+ Statue should move locations
What a cruel joke!
After reading the front page (in the April 1 issue of The Sarasota Observer) we were thrilled with the perfect solution for the “Unconditional Surrender” location.
We immediately drove to St. Armands with our cameras only to be disappointed not to see it on St. Armands.
What a great spot. Please help make it happen for all the reasons in your April Fools’ article. Please.
Bob and Nordis Luxembourg
+ People space should be No. 1
“Green space is preferred to hardscape.” Sounds like good public policy. “Green” is what it’s all about, isn’t it? Who can argue with “green?” Well, ironically, I can. Yes, me — the only gardener on the Greenspace Policy Committee is going to bat for hardscape.
In our downtown, shouldn’t people space come before green space? Oh, you’re worried about our street trees. Me too, but trees are not green space. Trees are good, but not so (for) all those in-ground beds of mulch and sad shrubbery, i.e., green space, that cramp our downtown sidewalks, contribute little environmentally and even less aesthetically.
So, what could we do differently? Condense by half the area of those rambling, sleepy, suburban mulched beds and construct affordable, easier-to-maintain, streetside raised planters full of bright, seasonal annuals and Florida-friendly flowering perennials. If we just did that we would create a more hip, happening, colorful, prosperous, walkable and, yes, green and beautified downtown.
Let’s keep policy language simple, too. I propose language that reflects a commonsense balance between downtown’s primary economic and social use as a “people space” and our perfectly valid desire to make our urban world more green. But when adding either “people space” or “green space” let it be purposeful: as seating to widen sidewalks or to brighten a dull spot. (This should) never (be done) because someone or a group has arbitrarily determined we need more.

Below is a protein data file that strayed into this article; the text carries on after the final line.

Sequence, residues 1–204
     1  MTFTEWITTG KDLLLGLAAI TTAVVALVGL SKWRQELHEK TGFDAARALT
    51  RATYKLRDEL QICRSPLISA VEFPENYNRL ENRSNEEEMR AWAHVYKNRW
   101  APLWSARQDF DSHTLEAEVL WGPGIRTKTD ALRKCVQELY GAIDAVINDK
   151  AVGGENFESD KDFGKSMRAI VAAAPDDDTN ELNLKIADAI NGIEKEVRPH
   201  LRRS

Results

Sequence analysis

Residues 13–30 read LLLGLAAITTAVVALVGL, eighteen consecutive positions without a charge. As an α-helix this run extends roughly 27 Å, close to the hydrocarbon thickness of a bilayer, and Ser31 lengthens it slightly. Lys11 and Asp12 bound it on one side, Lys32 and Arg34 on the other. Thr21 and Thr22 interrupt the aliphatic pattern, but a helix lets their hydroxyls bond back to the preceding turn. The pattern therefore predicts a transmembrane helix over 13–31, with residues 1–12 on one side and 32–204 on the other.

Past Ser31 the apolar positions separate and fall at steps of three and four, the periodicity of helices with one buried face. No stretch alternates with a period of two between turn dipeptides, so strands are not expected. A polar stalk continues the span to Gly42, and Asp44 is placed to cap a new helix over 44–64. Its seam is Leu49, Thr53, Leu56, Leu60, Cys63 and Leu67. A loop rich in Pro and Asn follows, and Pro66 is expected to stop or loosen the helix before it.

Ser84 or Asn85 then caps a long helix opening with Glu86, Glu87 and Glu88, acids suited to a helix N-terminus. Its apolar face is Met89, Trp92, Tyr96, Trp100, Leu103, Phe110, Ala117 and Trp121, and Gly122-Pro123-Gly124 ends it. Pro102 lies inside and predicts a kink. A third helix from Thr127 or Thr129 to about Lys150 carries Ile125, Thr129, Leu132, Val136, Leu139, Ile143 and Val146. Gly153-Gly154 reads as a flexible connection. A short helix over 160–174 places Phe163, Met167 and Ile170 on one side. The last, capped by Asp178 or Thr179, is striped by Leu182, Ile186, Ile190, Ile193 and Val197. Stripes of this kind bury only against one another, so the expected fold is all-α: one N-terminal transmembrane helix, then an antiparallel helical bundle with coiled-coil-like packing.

Our policy should be most clear in regard to existing and future street trees. We must commit to best practices, i.e., right tree, right place, in care and installation, but whenever possible keep facade design perimeters in mind when choosing which trees to plant. For example, it would be a shame to insist on canopy trees for our new parking garage when royal, or perhaps foxtail, palms would, as they mature, better enhance its more modern, elegant sail architecture.
Good public policy — especially as it relates to the urban environment whether built, or, as in this case, people space versus green space — must allow for a certain site-specific flexibility. One-size-fits-all has proven to be a failed concept — always too loose or too tight — never just right. Discretionary language, such as “generally,” “balanced,” “whenever possible,” “purposeful” and “recommended,” although it might appear “weasely” to some, is necessary to provide for both creative and commonsense professional interpretation and application of any modern day city code.
Our city commissioners are not planners or arborists or code professionals. They are public servants — politicians. Although making public policy may be their job, it is their more serious responsibility to consider most carefully the long view, the future consequence to all of every policy, of every action taken. Acting in blind service to a currently popular agenda of any given group, no matter how benign that agenda may seem, undermines and robs us — the citizens — of our larger civic incentive to participate. Public policy that places green space before people space is such an action and should be reconsidered.